Tuesday, March 6, 2012

supporting the poor

Dear Laila has kindly provided a translation of my al akhbar article

Supporting the Poor
Despite the difficulties and criticisms facing the current government, observers from every side of the Lebanese political spectrum agree that the ministry of agriculture’s performance has been, and still is, unique. Minister Hussein Al-Haj Hasan has led the ministry’s public servants from depression to optimism. Upon his appointment, the minister set up wide ranging consultation committees which included academics, large scale producers and representatives of the private sector. 
These committees looked at our agriculture reality and made plans to revive important crops such as grapevines, potatoes and citrus fruits. Based on this, a working plan was set out and it was followed by the ministry. The government adopted this plan, doubling the ministry’s budget. This in itself is an accomplishment, because successive governments have taken money out of the ministry of agriculture’s share in tune with their strategy of neglecting the production sectors in favor of a rent economy.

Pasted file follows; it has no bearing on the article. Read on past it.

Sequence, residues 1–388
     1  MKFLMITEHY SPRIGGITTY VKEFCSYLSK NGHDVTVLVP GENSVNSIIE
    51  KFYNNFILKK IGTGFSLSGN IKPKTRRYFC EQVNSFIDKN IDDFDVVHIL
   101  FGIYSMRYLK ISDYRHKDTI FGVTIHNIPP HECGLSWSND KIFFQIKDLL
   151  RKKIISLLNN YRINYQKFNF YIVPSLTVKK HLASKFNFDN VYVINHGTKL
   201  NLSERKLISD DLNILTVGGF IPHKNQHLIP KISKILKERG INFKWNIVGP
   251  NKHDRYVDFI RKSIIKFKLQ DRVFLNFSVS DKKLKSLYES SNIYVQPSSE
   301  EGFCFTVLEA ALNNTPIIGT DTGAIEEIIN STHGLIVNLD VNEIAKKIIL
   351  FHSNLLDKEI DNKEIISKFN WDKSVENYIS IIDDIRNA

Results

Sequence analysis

However, despite all these laudable accomplishments, the agriculture sector is still declining. Its share of the Lebanese economy is shrinking. Poverty is still rife in the countryside, forcing small producers to abandon their land and immigrate to make a living. 
In the last few months, pressure on the agriculture sector has increased as a result of the difficulties in exporting through Syria, the main line for exporting to the Gulf countries. This crisis has clearly shown the fragility of agriculture which is based on production for export. One of its main problems is that it almost always works in favor of the wealthy who are able to deal with international markets, their demands and their variabilities. 
In light of these facts, it is perhaps time to review our agricultural plans and to support them with a plan which favors the interests of family farmers and small producers, who belong to no particular sector except that of poverty and deprivation, who if they do produce anything it is usually some olives and a little wheat or, at best, they rear some livestock. If agriculture is unable to improve their conditions, when they are the ones who live in the countryside and who defend the land, then we will have failed in our primary objective. 

No comments: